3. Always question the system. It is not your friend.

    • It is tempting to view the situation through an Irish paradigm, particularly if you lived in the conflict zone. Yet that paradigm must be shed somewhat to gain a proper understanding.

      For instance, you don’t take into account the many differences that exist, and much of recent history. Israel has negotiated with Palestinians in order to bring about Palestinian self-determination. Yet Palestinian terrorism massively escalated after Israel recognized the PLO and joined them for talks in Oslo. Unlike in Northern Ireland , the peace process did not lead to a vast reduction in deaths. Hamas really came to prominence in the mid-nineties trying to derail the peace process, launching a string of suicide bombings that helped bring Netanyahu to power for the first time.

      The Second Intifada began after the collapse of the Camp David and Taba talks designed to finalize what had happened at Oslo, with most observers blaming Arafat for the failure. What stopped the violence there was not a dovish response by Israel. The violence halted after the more hawkish Sharon came to power, and his subsequent military incursions and the building of the security fence. The security fence did more than anything else to save lives. Its not a permanent solution. It cannot stop rocket attacks. But it has saved lives on both sides.

      I’m all for negotiation and withdrawal from Palestinian Arab territories, but I’m not stupid. We can see that unilateral withdrawal from Lebanon did not stop Hezbollah instigating violence against Israel. It made them bolder, and made Islamists more confident that they could destroy the infidels. Nasrallah actually told Newsweek after the war that had he known in advance how the Israelis would react, he would not have started that war.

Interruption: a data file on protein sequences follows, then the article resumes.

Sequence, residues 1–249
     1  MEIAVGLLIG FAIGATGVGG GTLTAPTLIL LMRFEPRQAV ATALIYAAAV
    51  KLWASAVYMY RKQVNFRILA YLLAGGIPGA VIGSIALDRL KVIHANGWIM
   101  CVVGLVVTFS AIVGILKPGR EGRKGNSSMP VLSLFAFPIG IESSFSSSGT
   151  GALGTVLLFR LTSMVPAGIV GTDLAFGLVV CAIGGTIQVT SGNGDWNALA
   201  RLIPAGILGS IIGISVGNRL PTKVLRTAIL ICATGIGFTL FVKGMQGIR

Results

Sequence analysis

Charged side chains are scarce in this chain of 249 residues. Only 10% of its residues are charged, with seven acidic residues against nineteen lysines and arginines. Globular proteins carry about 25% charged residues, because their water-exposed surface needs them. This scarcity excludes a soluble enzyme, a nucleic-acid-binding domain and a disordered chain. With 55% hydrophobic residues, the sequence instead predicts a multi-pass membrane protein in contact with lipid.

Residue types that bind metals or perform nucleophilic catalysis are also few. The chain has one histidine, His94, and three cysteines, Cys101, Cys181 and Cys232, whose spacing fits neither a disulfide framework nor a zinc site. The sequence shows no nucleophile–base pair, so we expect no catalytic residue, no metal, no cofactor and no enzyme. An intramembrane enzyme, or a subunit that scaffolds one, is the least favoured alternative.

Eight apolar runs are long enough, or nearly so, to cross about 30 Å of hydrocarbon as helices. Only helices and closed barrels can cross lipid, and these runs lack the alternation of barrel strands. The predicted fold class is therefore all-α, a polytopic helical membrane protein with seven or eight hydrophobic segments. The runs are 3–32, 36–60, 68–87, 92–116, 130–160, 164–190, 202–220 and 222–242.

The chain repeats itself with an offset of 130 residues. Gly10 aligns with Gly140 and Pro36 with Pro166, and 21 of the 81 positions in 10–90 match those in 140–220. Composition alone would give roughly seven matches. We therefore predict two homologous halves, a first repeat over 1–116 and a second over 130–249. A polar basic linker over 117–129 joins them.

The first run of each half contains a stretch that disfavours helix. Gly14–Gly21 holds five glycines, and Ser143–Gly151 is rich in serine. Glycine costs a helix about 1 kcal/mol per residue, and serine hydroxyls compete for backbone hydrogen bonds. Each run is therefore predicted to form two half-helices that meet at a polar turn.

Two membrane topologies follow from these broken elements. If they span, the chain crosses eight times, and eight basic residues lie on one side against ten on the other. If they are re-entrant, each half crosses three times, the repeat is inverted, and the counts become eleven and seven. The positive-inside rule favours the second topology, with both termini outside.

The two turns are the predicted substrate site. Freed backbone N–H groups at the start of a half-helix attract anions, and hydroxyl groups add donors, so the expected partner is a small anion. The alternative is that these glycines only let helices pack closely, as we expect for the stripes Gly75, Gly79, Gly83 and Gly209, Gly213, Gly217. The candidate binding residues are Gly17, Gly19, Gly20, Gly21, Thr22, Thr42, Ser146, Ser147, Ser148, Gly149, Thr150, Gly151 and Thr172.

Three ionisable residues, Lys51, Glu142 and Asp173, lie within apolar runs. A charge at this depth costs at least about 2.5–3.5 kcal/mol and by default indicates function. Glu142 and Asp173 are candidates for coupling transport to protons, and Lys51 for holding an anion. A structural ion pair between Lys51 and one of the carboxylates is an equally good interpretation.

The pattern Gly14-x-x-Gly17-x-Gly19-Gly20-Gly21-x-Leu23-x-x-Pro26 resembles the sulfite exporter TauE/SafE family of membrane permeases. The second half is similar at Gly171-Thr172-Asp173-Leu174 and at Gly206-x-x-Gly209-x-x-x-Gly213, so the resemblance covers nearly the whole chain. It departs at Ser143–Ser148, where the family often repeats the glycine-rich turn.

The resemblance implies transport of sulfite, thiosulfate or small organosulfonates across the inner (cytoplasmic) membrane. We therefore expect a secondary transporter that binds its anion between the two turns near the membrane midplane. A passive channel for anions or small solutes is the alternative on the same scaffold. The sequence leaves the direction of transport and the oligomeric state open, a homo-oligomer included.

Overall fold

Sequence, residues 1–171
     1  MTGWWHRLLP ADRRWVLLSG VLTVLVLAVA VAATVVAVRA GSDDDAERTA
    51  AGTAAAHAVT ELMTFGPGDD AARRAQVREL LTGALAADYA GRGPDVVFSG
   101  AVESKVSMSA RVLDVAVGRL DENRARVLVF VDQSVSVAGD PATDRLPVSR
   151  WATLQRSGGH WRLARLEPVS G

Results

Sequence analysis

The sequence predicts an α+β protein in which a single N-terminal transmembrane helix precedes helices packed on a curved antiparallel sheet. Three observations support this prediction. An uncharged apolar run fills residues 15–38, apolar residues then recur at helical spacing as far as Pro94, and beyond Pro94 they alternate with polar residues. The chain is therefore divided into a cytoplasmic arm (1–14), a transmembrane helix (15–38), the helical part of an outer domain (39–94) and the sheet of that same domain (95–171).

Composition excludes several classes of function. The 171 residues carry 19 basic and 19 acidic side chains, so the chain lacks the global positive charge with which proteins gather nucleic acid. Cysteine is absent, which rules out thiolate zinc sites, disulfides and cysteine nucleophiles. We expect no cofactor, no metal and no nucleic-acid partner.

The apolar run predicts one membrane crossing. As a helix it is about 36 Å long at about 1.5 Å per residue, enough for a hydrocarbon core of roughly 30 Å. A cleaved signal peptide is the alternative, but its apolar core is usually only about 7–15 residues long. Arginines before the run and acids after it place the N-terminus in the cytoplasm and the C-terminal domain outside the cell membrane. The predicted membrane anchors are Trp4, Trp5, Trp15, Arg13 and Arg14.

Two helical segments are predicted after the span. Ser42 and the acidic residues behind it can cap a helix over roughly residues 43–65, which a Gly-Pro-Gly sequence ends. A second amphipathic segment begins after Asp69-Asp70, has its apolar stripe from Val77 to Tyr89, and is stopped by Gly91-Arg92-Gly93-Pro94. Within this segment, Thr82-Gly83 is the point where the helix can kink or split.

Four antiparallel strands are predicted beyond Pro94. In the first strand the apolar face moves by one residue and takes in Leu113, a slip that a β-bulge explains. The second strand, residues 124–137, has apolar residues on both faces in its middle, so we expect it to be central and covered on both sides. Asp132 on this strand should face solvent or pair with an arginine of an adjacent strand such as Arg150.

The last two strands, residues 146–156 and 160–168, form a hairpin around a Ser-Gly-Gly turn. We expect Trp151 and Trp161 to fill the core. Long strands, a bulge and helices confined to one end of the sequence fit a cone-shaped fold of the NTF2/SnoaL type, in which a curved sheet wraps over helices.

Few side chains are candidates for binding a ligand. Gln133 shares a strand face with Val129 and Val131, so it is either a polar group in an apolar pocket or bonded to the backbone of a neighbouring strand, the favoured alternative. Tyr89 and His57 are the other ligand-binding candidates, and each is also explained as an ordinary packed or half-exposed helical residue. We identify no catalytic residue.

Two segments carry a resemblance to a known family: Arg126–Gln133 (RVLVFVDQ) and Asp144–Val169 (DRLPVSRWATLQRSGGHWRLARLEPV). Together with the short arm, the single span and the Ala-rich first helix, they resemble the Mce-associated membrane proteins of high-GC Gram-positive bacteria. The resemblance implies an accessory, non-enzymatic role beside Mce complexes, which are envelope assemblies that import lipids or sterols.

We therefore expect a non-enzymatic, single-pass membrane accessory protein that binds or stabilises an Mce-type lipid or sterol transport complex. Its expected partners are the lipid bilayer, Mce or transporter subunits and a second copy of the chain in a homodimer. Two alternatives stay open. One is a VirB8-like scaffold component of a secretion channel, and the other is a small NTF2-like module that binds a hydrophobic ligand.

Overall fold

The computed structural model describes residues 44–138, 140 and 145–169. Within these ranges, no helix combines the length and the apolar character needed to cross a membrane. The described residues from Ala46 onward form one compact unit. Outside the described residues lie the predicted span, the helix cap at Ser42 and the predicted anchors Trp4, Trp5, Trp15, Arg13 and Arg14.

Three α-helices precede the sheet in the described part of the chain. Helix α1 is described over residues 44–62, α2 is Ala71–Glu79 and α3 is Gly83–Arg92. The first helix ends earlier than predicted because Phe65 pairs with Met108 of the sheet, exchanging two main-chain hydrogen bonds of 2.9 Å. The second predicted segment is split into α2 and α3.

We can draw lessons from Ireland, but you can’t copy and paste the details somewhere else. The cultures are different, the history is different, the mindset is different. Outsiders trying to mold the situation for the better can often make it worse.

  3. Rob says:

    The conflict in the North is not the same as Israel. There are some parallels as there are with almost every conflict but there are too many differences to draw many parallels. The one real lesson that haters who continually bash Israel ignore is that the fears of both sides were taken seriously in the North. This was how peace was met, by making meaningful concessions on both sides. Peace is the aim in any conflict but only where both sides want it. Arafat walked out in 2000, as did Abbas in 2008 when being offered an even more generous deal. Bashing one side obsessively while continually excusing the sins of the other, and it has some pretty big whoppers, is not a route to peace but continued conflict. Indeed that is what many of these people want when they advocate one-state solutions, where one side has openly expressed more genocidal intent toward the Jews than the Third Reich, and notably give ever increasing support to Hamas whilst criticising the PA more and more.

    • Very much agreed: demonizing one side and the ideological movement that brought about its independence will certainly make things worse, especially considering the Israelis feel they are being singled out. Given the weight of Jewish history, anger at this behavior is not surprising.

  4. thesystemwanks says:

    Gees, it doesn’t take much to get labeled a ‘hater’ on this site does it? Is it ‘cos I is gentile?

    I wonder what you would make of this Friend of Israel.

    And yes, I do realise that the situation in Northern Ireland is completely different to the Israeli/Arab conflict; different history, different geo-political tensions, different peoples, different religions, different climate. My point is that a solution to the conflict – as in NI – will only be found when the state agents renew the social contract with both the Arab and Israeli people on a fair an equitable basis.